2. Not using a loan approval letter when making an offer on a property.
You’ve found “The Home” and want to make an offer to buy it. Now anybody can make a full price offer and get it accepted.
What if “The Home” is priced at $275,000 but you offer $250,000 and say that you will pay for the home by getting a new loan?
The sellers, when presented with your $250,000 offer, know nothing about you except that you seem to think their home is worth less than they feel its worth. At that point they will probably do one of two things. They might reject your offer outright. Or they might counter your offer at close to their asking price. As far as they’re concerned they never considered your original offer to be a “real” offer.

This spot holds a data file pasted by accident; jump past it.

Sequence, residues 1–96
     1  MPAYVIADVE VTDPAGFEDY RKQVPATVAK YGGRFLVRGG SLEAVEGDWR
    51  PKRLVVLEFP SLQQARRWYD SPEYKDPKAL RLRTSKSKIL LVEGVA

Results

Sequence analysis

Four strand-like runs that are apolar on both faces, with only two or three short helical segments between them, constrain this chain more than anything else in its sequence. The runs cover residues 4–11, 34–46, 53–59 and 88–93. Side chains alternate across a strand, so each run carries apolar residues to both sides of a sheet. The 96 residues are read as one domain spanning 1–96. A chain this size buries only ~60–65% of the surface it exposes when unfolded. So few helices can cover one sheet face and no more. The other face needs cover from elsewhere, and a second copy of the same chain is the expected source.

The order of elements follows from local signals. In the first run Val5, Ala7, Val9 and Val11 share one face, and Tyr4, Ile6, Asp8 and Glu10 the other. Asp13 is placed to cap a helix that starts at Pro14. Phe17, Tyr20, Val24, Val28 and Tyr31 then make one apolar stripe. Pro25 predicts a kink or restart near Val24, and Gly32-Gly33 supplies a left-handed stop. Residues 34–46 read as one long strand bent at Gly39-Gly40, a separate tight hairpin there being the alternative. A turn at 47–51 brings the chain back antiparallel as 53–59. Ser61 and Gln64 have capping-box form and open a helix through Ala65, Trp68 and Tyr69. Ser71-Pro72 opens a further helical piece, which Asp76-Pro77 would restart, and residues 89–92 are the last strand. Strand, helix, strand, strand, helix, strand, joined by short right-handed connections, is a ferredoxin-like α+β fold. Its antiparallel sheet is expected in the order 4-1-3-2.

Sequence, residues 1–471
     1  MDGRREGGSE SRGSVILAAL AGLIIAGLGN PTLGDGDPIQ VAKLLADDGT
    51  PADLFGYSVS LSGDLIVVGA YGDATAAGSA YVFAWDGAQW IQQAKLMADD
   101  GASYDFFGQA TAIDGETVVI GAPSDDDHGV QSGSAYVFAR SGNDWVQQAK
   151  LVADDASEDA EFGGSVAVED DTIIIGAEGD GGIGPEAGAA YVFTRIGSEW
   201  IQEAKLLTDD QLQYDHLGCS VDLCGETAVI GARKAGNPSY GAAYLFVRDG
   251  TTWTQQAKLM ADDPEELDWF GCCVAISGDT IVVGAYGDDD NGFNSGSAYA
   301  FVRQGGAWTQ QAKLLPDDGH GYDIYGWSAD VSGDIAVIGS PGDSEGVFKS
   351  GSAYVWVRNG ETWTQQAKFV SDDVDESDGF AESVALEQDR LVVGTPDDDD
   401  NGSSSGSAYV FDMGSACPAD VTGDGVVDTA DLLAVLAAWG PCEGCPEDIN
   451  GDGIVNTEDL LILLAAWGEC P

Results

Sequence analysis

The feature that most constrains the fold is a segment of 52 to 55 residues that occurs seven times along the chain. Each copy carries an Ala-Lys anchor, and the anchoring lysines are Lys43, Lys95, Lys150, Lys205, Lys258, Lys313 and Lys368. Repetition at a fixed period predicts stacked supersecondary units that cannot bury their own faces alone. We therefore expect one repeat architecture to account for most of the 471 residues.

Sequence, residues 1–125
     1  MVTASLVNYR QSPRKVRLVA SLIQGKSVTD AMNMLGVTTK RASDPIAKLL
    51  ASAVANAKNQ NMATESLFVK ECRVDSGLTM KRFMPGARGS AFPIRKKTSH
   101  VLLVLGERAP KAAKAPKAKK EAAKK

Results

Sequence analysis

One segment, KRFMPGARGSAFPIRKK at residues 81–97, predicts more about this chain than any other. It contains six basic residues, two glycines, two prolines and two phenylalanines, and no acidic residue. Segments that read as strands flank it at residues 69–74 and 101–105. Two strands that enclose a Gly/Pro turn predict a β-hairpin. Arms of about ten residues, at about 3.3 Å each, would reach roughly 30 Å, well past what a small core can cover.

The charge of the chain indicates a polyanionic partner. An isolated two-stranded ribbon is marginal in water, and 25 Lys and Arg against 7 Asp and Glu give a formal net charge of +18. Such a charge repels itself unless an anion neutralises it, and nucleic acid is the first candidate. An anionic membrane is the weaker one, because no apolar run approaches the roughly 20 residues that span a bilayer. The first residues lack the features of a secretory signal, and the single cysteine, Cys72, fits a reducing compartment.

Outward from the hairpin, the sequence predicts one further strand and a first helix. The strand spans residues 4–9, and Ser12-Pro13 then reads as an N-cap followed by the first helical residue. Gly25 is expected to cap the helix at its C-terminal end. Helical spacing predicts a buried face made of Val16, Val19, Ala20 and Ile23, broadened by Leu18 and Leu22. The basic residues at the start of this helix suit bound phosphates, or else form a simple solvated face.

Do you think that they would have taken your $250,000 offer more seriously if you had said you could pay cash? Of course they would have, after all money talks.
What if you had already received full loan approval from a lender. Not just pre-qualified, or pre-approved (Being pre-approved is kinda like being pre-pregnant), but fully approved for a home loan with a letter from the underwriter to prove it. A letter that is as good as “cash in the bank”. You’ve become a “Power Buyer”! You never know, maybe the seller would accept your offer, rather than letting a good buyer get away.
Wow, if your offer was accepted, you just saved $25,000 on the purchase of your home! And all you had to do was meet with the lender before you went house hunting.
3. Buying too much house for your income.